I set up a partially blinded experiment with unfired, 2x fired and >5x fired cases. We (Coach and I) sized up 50rds of each from my Exact die and 50 of each from Coach’s Redding die and tested that in Coach’s rifle. Coach’s rifle has somewhere over 1900rds down the pipe now which is a concern as you’ll see soon. We set the ammo up identically in everything from components to neck tension. We ran 10 shot groups which were composed of 2 non-consecutive 5-shot groups fired at the same aim point. Coach loaded, packed and labelled the ammo boxes (labels are “1” and “2”) and didn’t tell me till after the shooting was done which was which. I pulled the rounds from the boxes, logged data and called the target to engage while coach did the shooting. That way neither of us knew during shooting which ammo was being fired at any given time. That was the best way I could think of for me to pull out experimenter induced bias with a research team of 2.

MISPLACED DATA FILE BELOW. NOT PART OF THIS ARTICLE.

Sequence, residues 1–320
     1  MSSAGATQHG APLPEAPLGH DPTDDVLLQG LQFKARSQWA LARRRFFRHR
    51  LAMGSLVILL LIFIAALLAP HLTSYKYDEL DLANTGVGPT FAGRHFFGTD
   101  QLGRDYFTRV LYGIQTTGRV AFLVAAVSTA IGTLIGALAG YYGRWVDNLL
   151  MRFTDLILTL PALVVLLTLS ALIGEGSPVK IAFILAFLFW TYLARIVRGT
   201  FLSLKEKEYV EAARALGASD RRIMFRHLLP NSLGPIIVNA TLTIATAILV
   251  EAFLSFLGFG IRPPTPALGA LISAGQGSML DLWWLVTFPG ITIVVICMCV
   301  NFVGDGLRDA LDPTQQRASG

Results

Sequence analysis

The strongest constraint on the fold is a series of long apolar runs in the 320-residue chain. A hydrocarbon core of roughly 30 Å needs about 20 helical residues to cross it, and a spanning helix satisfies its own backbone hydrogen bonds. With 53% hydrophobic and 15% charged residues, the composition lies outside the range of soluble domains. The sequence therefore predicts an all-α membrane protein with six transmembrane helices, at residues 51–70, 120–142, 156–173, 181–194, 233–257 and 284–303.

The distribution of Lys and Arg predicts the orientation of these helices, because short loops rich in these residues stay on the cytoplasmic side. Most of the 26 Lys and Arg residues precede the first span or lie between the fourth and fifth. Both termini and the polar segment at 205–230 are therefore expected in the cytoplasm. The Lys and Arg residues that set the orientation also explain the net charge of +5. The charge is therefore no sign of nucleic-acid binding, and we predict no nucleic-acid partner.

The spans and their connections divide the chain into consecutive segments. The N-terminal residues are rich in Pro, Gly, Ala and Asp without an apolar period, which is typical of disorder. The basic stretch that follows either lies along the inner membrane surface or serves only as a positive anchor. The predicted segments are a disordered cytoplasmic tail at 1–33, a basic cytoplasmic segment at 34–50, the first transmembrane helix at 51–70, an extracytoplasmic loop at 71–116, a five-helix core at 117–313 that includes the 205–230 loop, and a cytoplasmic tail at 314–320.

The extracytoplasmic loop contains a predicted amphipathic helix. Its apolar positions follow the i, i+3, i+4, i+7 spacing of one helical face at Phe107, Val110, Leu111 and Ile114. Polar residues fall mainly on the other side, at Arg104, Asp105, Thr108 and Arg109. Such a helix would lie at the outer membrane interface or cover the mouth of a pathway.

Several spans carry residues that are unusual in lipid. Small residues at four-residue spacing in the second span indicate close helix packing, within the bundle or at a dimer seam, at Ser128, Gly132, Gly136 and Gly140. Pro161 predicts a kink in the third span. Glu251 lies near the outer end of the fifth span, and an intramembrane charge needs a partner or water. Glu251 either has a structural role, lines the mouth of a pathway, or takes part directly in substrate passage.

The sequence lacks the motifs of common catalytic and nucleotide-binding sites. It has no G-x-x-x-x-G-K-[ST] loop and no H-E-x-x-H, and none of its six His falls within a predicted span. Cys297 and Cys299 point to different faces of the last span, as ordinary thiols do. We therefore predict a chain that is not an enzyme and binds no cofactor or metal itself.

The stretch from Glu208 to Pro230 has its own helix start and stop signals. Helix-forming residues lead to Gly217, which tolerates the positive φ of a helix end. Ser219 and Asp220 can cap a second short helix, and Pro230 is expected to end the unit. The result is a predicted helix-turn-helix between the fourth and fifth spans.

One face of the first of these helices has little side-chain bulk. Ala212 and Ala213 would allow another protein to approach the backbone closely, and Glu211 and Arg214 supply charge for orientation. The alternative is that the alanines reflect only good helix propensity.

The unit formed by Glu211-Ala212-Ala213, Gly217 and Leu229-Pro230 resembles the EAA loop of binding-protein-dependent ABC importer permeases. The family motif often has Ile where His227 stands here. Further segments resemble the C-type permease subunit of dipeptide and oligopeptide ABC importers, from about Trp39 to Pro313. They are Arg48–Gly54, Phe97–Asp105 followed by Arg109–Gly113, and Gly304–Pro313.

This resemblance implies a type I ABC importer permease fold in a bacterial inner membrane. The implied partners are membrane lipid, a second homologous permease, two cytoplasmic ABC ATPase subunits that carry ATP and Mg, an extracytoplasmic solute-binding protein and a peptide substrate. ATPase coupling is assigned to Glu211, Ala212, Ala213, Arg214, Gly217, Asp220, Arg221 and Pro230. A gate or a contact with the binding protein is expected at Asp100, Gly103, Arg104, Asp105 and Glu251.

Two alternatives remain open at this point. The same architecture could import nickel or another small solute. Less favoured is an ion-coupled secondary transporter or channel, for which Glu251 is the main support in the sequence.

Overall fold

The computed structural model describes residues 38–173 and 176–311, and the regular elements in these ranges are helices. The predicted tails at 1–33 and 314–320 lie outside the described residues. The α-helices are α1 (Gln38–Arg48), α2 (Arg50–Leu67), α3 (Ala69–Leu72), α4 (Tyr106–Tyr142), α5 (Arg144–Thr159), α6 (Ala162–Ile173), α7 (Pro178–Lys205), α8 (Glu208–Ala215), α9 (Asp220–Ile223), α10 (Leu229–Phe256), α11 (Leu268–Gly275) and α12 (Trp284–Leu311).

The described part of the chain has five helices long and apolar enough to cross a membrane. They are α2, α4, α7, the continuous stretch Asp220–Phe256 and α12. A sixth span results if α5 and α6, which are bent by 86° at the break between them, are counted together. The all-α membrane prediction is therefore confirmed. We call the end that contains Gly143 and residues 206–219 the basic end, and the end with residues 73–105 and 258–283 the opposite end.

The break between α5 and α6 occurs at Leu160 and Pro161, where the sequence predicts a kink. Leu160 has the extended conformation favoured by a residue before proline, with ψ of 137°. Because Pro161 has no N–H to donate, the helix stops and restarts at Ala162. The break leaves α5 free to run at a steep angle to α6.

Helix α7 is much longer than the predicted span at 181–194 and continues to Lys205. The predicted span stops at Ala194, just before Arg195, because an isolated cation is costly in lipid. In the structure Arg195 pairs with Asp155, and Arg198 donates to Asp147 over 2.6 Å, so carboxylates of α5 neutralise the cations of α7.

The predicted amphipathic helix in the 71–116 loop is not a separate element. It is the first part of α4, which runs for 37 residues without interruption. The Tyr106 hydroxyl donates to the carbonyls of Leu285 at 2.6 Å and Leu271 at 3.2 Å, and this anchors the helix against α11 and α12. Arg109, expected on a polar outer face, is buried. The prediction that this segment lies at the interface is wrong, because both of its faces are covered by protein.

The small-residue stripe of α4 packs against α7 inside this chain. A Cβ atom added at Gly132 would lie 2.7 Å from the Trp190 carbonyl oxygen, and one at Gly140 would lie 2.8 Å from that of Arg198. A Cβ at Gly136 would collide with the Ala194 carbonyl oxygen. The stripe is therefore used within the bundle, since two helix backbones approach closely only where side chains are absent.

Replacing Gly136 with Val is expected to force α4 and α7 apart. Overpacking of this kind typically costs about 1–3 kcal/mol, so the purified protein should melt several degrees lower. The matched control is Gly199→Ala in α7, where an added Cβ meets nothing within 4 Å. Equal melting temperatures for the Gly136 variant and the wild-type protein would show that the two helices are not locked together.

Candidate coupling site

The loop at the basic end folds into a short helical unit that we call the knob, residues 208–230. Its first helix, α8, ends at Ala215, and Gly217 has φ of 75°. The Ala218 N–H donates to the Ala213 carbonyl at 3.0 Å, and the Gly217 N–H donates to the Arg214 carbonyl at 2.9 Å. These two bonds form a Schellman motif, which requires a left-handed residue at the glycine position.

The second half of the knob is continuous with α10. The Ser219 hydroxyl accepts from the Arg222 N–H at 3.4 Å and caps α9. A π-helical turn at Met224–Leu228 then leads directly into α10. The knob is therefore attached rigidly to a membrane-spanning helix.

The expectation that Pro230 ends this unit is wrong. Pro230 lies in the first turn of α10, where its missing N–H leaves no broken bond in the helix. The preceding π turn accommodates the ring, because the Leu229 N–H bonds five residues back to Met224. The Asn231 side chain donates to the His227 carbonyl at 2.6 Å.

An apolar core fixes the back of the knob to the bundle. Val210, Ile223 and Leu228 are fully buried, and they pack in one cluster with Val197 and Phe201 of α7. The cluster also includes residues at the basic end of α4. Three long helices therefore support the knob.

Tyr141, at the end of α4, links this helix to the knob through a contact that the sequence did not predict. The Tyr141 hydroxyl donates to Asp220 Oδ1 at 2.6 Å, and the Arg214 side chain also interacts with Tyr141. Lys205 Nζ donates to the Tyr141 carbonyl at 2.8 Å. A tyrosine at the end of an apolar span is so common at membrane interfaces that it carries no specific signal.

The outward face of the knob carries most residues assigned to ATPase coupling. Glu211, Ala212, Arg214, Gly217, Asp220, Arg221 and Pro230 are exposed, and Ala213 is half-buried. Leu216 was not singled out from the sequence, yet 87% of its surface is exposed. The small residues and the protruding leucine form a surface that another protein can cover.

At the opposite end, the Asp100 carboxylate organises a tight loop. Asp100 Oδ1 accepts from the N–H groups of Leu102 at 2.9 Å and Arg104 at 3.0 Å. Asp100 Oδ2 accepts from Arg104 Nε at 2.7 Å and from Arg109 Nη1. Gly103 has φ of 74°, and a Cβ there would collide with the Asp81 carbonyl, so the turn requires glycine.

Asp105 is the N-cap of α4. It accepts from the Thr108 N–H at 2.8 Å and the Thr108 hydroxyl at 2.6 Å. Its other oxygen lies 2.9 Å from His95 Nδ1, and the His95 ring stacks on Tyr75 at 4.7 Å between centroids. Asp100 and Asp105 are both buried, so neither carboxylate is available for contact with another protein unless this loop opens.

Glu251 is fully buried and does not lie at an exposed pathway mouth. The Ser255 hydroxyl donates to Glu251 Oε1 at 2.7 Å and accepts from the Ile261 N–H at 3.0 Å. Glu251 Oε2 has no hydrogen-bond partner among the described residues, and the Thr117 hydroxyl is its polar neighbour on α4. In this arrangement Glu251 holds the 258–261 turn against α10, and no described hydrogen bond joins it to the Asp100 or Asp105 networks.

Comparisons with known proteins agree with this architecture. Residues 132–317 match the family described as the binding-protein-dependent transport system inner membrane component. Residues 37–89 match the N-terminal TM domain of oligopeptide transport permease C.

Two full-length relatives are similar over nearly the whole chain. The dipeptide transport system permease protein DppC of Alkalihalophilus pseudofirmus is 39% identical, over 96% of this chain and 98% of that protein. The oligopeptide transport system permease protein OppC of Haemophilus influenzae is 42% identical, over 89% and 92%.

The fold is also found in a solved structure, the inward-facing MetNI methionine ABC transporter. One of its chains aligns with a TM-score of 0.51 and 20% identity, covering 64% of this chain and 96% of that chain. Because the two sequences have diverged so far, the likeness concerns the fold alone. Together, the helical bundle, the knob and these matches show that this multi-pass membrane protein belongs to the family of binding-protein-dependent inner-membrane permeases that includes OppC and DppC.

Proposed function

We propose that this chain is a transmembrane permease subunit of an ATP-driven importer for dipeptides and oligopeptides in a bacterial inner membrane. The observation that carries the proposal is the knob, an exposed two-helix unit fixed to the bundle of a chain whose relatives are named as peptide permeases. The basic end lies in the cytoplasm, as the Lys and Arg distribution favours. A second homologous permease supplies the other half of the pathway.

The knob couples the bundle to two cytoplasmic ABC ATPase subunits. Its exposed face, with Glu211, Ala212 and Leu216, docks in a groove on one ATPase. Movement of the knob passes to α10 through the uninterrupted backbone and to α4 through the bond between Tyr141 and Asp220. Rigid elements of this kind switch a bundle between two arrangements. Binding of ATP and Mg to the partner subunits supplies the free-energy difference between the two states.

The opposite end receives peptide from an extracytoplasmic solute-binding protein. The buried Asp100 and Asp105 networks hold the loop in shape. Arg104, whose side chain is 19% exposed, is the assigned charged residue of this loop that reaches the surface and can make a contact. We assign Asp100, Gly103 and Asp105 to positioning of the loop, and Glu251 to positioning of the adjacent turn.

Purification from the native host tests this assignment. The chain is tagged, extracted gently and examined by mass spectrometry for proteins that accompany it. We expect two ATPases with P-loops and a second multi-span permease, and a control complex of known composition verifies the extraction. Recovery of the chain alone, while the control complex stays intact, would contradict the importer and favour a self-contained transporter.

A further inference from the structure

The result of the first accuracy test was null. That is to say that the numbers difference in average group size was not outside the level of statistical noise. The exception was with brand new brass. It always shot more consistently than reloaded brass and so I removed those results from the full data set due to the noise they introduced. We also weren’t meant to be testing new brass as that would not apply anyway but I wanted that data for another experiment I’ve been running. This is all precisely what was expected. I expected no big result (but certainly hoped for one) in accuracy simply by going to full length resizing and having extremely consistent neck tension and headspace.